David Fay was always something of a risk-taker, willing to buck the norm.
As former executive director of the U.S. Golf Association, Fay was the one who signed the contract that awarded the 2015 U.S. Open to Chambers Bay.
“Chambers Bay?’’ many asked. Yes, Chambers Bay, in the Pacific Northwest.
Fay first took the U.S. Open to Bethpage Black in 2002, playing the national championship on a public course in a state park on Long Island. He signed the contract that took the Open back to Merion in 2013, when many said the venerable course in the Philadelphia suburbs was too short and antiquated to host another Open.
Fay took the U.S. Open to Pinehurst in 1999 and 2005, then convinced the decision-makers at Pinehurst to host both the U.S. Open and U.S. Women’s Open in 2014, back to back, on the No. 2 course.
“And I could see it happening again,” Fay said of the unprecedented Open doubleheader. “I hope to see it happen again in my lifetime.”
Pinehurst had a longstanding reputation as a golf mecca, with a rich history. Pinehurst No. 2 was Donald Ross’ grand design. Everybody who was anybody in golf knew of the place, its tradition, No. 2.
As for Chambers Bay …
The public course outside Tacoma, Wash., was built on an old gravel pit, next to a stretch of railroad. It opened in June 2007, yet Fay said the U.S. Open contract was signed seven months later.
Fay, who retired from the USGA in December 2010 after 21 years as executive director, said he has delighted in the conversations, even the consternation, the past three years leading up to the playing of the Open.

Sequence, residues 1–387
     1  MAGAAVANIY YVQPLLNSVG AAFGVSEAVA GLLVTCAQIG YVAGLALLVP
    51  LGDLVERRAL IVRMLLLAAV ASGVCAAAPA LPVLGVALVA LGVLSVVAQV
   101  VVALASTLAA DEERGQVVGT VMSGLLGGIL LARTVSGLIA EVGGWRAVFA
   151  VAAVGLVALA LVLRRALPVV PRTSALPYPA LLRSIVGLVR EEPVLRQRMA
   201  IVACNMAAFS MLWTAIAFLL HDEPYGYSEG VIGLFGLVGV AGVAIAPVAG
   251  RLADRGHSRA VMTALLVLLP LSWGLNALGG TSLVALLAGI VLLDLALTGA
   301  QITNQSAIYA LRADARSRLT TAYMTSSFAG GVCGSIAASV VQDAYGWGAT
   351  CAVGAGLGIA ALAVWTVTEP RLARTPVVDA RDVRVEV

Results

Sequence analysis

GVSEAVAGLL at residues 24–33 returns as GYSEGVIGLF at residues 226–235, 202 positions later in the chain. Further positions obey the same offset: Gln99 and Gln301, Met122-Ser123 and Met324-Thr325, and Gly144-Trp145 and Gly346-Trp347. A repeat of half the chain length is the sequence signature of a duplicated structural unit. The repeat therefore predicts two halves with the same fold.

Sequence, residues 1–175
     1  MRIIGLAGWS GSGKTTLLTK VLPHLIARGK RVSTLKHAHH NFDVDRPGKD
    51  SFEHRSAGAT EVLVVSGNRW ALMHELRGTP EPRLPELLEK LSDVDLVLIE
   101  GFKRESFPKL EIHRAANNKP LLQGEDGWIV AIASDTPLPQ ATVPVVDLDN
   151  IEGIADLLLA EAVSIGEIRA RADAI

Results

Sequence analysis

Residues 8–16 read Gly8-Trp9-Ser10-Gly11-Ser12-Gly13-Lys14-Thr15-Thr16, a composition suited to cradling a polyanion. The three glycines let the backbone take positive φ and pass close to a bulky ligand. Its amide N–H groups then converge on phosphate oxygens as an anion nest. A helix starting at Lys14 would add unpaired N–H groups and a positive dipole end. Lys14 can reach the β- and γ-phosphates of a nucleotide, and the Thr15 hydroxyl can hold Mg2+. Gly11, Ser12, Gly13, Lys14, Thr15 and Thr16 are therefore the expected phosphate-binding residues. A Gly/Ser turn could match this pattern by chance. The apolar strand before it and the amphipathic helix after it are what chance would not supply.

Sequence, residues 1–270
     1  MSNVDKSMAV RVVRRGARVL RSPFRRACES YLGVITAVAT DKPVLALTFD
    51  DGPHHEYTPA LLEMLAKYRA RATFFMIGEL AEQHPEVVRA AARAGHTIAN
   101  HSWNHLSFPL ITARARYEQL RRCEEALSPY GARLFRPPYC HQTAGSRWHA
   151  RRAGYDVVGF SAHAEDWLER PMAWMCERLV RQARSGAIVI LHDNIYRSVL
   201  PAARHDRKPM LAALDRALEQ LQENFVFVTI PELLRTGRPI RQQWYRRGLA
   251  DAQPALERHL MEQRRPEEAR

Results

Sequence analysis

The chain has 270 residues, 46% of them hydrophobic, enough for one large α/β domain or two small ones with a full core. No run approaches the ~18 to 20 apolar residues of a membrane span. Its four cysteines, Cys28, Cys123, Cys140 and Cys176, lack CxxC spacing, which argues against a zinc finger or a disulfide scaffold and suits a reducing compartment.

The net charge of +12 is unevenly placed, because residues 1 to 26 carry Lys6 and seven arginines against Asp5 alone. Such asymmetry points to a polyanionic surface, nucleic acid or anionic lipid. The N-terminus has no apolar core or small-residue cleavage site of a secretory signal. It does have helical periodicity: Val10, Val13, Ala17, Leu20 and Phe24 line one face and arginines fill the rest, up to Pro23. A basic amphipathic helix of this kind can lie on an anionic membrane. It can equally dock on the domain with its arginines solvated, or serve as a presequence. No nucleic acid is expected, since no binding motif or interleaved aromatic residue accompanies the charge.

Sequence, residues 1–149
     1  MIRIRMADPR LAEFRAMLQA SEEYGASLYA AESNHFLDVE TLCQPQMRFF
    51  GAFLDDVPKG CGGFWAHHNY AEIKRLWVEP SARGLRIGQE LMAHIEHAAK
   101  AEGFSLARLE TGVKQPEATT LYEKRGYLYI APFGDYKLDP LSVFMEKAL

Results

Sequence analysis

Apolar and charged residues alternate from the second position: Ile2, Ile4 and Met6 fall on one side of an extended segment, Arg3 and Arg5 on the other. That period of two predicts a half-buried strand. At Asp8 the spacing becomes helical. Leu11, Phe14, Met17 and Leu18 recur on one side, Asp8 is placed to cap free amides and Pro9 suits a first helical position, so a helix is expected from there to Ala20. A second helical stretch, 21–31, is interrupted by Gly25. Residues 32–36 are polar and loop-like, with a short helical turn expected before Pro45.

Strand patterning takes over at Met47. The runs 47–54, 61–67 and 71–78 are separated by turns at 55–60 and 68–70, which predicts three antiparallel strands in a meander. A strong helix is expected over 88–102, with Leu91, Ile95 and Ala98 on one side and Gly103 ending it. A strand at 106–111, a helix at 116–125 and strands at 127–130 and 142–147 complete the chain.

“With Merion, it was could the golf course stand up or had time passed it by?” Fay said. “With Pinehurst, it was the changes to the golf course and playing the back-to-back. With Chambers Bay, it was about taking the Open to the Northwest for the first time, and to a public facility.
“I know I have a biased opinion, but for three years in a row the U.S. Open has been the most talked-about of the majors. That’s great.”
Merion was tough enough and produced a memorable Open finish as Justin Rose held off Phil Mickelson and Jason Day to win the championship. A year ago, Martin Kaymer of Germany was too good, an eight-shot winner in the U.S. Open, and Michelle Wie then won the Women’s Open at No. 2.
Not all of the golfers appreciated the changes that had been made to No. 2 during the extensive restoration by Ben Crenshaw and Bill Coore. To some, the course was too shaggy and ragged around the edges.
Now, it’s Chambers Bay’s turn to take the heat with the Open set to begin Thursday. While providing scenic views of Puget Sound and the Olympic Mountains, Chambers Bay has been called a quirky course and its already browning greens are drawing criticism from some of the players.
Chambers Bay hosted the 2010 U.S. Amateur – the USGA test run, so to speak. But this is the Open.
Fay, who is serving as a rules analyst for Fox Sports this week, said he’s one who “loves the controversy.” Last year, holding the Women’s Open a week after the U.S. Open, on the same course, caused some howls about potential playability problems and grumbles about why the women weren’t playing first.
“We’ve never had a situation where there was that much talk about the Women’s Open five months in advance,” Fay said.
And this year’s U.S. Women’s Open? There are some, including so-called golf insiders, who could be hard-pressed to say where it is being played next month.
The answer: Lancaster Country Club in Lancaster, Pa.
“Not as well-known as Pinehurst but a top-100 course and one that’s very highly regarded,” Fay said.
Fay should know. He signed the contract.